Story Source:

The above story is based on materials provided by Canadian Science Publishing (NRC Research Press). Note: Materials may be edited for content and length.


Journal Reference:

  1. Missag Hagop Parseghian. Hitchhiker antigens: Inconsistent ChIP results, questionable immunohistology data, and poor antibody performance may have a common factor. Biochemistry and Cell Biology, 2013; 1 DOI: 10.1139/bcb-2013-0059

Cite This Page:

Canadian Science Publishing (NRC Research Press). "The hitchhiker antigen: Cause for concern?." ScienceDaily. ScienceDaily, 23 October 2013. <www.sciencedaily.com/releases/2013/10/131023090944.htm>.
Canadian Science Publishing (NRC Research Press). (2013, October 23). The hitchhiker antigen: Cause for concern?. ScienceDaily. Retrieved April 24, 2015 from www.sciencedaily.com/releases/2013/10/131023090944.htm
Canadian Science Publishing (NRC Research Press). "The hitchhiker antigen: Cause for concern?." ScienceDaily. www.sciencedaily.com/releases/2013/10/131023090944.htm (accessed April 24, 2015).

Share This


More From ScienceDaily



More Health & Medicine News

Friday, April 24, 2015

Featured Research

from universities, journals, and other organizations


Featured Videos

from AP, Reuters, AFP, and other news services

85 Killed in Niger by Meningitis Since Start of Year

85 Killed in Niger by Meningitis Since Start of Year

AFP (Apr. 24, 2015) A meningitis outbreak in Niger has killed 85 people since the start of the year prompting authorities to close schools in the capital Niamey until Monday. Video provided by AFP
Powered by NewsLook.com
Anti-Malaria Jab Hope

Anti-Malaria Jab Hope

Reuters - News Video Online (Apr. 24, 2015) The world&apos;s first anti-malaria vaccine could get the go-ahead for use in Africa from October if approved by international regulators. Paul Chapman reports. Video provided by Reuters
Powered by NewsLook.com
3D Food Printing: The Meal of the Future?

3D Food Printing: The Meal of the Future?

AP (Apr. 23, 2015) Developers of 3D food printing hope the culinary technology will revolutionize the way we cook and eat. (April 23) Video provided by AP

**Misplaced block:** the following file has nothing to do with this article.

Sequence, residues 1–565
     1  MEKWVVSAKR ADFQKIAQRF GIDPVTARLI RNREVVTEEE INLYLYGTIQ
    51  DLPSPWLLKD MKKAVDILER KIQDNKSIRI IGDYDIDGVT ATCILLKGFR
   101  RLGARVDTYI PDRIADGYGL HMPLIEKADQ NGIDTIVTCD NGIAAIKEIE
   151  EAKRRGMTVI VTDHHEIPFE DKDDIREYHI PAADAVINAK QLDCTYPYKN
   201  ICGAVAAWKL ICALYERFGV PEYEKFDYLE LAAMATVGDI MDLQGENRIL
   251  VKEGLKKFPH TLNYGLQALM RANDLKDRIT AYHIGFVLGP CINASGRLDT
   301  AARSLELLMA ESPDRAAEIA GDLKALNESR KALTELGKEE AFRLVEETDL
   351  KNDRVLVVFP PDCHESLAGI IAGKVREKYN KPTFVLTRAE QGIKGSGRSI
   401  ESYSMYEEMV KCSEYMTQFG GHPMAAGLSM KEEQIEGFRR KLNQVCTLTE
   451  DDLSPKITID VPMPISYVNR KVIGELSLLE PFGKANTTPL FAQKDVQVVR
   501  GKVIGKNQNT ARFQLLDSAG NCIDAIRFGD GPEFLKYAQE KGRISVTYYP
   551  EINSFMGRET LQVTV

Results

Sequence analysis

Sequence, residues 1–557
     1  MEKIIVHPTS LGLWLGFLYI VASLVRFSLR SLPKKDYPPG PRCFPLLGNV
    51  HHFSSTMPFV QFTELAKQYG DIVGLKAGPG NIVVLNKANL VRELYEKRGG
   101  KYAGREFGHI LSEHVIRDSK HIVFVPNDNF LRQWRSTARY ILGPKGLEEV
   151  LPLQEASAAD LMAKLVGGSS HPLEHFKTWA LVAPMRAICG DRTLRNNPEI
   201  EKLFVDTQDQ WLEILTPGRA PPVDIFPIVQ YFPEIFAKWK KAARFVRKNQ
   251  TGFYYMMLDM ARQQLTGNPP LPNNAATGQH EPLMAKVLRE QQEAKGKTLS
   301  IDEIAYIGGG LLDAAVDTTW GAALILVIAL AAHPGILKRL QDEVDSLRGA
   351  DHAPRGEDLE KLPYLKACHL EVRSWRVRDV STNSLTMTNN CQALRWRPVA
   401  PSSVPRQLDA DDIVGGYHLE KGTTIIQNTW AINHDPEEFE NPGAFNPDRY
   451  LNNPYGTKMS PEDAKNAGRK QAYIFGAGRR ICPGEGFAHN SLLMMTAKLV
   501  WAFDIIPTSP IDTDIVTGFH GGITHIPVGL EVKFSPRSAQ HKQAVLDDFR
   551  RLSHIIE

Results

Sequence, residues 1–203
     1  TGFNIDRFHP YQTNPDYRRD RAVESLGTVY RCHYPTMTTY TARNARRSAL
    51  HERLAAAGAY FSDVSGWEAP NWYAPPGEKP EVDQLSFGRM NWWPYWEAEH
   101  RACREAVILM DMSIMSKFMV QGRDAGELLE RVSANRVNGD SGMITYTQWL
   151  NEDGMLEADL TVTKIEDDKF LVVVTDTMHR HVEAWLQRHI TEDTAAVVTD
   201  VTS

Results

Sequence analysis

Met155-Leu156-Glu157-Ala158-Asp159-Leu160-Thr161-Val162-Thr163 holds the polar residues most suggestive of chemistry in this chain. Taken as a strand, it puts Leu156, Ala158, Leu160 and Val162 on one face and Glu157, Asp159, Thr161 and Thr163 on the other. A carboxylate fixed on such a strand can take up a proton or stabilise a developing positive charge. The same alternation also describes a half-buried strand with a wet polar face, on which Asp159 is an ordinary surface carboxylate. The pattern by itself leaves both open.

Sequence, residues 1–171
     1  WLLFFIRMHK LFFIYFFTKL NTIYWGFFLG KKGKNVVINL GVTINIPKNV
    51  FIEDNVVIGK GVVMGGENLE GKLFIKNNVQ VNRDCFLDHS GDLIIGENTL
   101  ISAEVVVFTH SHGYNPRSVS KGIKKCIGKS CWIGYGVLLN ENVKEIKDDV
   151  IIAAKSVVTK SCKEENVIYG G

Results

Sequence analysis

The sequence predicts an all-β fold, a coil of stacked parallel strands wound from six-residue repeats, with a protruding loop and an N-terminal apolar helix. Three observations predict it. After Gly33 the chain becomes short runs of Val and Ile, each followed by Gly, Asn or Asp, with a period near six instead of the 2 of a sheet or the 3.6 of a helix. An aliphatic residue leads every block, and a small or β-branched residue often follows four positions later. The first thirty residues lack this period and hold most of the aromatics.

Powered by NewsLook.com
Your Genes Could Influence How Much Mosquitoes Love You

Your Genes Could Influence How Much Mosquitoes Love You

Newsy (Apr. 23, 2015) New research suggests genetics play a big part in how appetizing you smell to mosquitoes. Video provided by Newsy
Powered by NewsLook.com

Search ScienceDaily

Number of stories in archives: 140,361

Find with keyword(s):
Enter a keyword or phrase to search ScienceDaily for related topics and research stories.

Save/Print:
Share:

Breaking News:

Strange & Offbeat Stories


Health & Medicine

Mind & Brain

Living & Well

In Other News

... from NewsDaily.com

Science News

Health News

Environment News

Technology News



Save/Print:
Share:

Free Subscriptions


Get the latest science news with ScienceDaily's free email newsletters, updated daily and weekly. Or view hourly updated newsfeeds in your RSS reader:

Get Social & Mobile


Keep up to date with the latest news from ScienceDaily via social networks and mobile apps:

Have Feedback?


Tell us what you think of ScienceDaily -- we welcome both positive and negative comments. Have any problems using the site? Questions?
Mobile: iPhone Android Web
Follow: Facebook Twitter Google+
Subscribe: RSS Feeds Email Newsletters
Latest Headlines Health & Medicine Mind & Brain Space & Time Matter & Energy Computers & Math Plants & Animals Earth & Climate Fossils & Ruins